How to Get the Highest Return on Your College Investment


Not all colleges and universities provide the same outcomes after graduation. Making smart choices about your education can increase job prospects after school and lead to higher lifetime wages. With a higher number of college graduates competing for each job opening and debt levels hitting new highs, consider the following to make the most of your investment.

What is the total cost of attendance? The price to attend college includes tuition, room, and board, fees, and books for four or more years. Auxiliary costs beyond tuition can more than double the cost of obtaining a degree. Carefully review the financial aid package from each school considered and financial assistance available beyond the first year. The cost of living in the college town may also vary widely from current prices. Beginning at a community college, living at home, or attending an in-state school can all keep the cost of attendance in check.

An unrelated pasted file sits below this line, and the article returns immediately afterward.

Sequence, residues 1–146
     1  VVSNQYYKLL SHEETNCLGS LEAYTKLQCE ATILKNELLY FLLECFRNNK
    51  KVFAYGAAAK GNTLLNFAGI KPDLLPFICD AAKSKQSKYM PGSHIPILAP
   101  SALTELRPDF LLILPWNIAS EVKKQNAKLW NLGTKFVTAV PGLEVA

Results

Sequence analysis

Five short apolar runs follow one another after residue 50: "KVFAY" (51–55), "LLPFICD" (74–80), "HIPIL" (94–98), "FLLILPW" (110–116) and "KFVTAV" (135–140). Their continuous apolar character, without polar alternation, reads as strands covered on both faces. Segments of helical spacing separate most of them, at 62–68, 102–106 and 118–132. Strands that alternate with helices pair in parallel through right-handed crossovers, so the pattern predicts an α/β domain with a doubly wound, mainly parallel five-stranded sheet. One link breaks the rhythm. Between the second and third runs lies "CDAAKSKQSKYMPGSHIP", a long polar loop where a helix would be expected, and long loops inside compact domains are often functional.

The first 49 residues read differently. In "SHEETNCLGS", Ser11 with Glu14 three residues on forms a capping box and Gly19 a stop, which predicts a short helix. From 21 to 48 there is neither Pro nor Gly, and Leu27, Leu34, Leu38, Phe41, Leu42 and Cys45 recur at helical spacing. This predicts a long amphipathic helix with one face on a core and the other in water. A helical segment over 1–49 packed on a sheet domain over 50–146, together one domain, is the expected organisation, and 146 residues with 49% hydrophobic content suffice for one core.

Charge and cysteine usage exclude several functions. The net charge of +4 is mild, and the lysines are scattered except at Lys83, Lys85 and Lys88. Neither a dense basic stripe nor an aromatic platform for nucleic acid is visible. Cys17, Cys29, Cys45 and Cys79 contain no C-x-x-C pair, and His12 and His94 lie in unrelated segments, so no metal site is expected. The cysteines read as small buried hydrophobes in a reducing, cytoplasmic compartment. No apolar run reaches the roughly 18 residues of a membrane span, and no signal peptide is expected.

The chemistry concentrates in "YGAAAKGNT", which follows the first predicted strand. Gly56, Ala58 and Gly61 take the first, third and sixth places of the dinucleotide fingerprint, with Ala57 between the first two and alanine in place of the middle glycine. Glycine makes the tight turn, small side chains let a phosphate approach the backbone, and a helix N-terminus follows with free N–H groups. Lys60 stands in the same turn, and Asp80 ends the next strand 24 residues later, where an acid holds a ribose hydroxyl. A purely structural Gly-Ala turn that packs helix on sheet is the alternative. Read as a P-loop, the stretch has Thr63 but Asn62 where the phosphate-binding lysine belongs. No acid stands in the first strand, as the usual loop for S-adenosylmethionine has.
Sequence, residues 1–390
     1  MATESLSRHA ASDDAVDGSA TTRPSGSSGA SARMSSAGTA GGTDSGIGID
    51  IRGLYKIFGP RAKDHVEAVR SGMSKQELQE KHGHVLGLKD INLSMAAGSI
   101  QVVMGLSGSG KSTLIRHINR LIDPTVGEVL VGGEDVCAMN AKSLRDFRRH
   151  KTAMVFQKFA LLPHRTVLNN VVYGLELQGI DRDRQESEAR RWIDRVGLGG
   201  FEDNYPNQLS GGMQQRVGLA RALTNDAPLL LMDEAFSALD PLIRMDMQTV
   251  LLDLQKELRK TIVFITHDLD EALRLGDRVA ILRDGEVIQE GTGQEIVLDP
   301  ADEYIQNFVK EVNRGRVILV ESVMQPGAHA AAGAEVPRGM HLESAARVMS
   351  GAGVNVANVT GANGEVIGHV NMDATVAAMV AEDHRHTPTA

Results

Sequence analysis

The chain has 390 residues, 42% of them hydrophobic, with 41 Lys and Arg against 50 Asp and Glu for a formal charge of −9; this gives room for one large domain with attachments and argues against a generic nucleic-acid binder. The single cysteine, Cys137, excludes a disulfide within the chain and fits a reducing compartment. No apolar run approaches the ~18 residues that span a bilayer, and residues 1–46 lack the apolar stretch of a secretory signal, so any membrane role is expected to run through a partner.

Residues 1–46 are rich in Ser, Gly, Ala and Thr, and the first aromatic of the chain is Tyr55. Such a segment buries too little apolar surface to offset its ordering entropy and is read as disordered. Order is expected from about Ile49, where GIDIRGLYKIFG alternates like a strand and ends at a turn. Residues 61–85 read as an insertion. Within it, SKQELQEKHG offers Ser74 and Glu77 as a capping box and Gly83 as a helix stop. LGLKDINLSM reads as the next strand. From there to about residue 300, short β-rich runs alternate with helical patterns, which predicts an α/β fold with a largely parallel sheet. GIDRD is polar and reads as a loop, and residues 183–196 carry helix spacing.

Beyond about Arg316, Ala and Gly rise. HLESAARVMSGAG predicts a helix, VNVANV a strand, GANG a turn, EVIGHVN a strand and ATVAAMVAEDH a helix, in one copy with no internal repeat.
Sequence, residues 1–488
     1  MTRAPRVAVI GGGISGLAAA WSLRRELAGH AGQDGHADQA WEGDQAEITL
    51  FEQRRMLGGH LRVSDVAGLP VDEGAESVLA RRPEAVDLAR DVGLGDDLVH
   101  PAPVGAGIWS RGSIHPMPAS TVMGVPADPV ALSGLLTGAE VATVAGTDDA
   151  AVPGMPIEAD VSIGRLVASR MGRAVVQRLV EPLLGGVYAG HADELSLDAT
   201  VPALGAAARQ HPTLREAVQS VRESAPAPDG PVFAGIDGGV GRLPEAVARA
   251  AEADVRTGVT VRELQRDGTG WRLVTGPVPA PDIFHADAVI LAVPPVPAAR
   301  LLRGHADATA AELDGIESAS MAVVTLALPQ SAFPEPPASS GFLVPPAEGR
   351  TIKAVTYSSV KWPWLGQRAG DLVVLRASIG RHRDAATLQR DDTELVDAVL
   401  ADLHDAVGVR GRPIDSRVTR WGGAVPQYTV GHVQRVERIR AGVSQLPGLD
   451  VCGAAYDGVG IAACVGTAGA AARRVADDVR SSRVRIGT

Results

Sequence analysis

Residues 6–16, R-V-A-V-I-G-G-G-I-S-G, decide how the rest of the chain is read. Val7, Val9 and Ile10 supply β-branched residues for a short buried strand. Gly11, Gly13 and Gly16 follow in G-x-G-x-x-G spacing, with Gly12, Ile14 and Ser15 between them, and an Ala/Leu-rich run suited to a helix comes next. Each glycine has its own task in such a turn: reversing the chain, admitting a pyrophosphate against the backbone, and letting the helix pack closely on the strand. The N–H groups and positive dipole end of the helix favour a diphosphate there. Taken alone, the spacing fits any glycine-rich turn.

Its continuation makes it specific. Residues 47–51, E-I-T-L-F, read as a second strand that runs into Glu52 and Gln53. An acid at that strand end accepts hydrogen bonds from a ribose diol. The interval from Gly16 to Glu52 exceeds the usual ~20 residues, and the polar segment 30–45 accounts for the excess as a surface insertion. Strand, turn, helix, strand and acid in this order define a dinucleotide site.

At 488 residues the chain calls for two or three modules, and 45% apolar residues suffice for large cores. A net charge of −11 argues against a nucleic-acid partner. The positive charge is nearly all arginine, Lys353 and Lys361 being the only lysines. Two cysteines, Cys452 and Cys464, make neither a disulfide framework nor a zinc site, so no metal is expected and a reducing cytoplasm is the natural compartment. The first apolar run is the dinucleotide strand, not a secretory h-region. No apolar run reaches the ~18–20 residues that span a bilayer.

How much money will you borrow to pay for school? Student loan debt is reaching crisis levels. Only borrowing what you need is the best way to reduce long-term costs. Other ways to keep loan balances low can include working part-time during the school year, full-time summer employment, and keeping your degree on track for a four-year graduation.

Compare the chosen major with lifetime earning potential. Consider your strengths but also review the job opportunities each possible degree offers. Higher paying majors may warrant a specialty or private school that comes with higher costs, but also higher incomes after graduation. Lower wage majors often offer similar pay scales regardless of school, allowing you to attend a lower cost school without impacting employment prospects.

The decisions you make about which school to attend and what major to pursue will largely determine the job prospects and income expectations after graduation.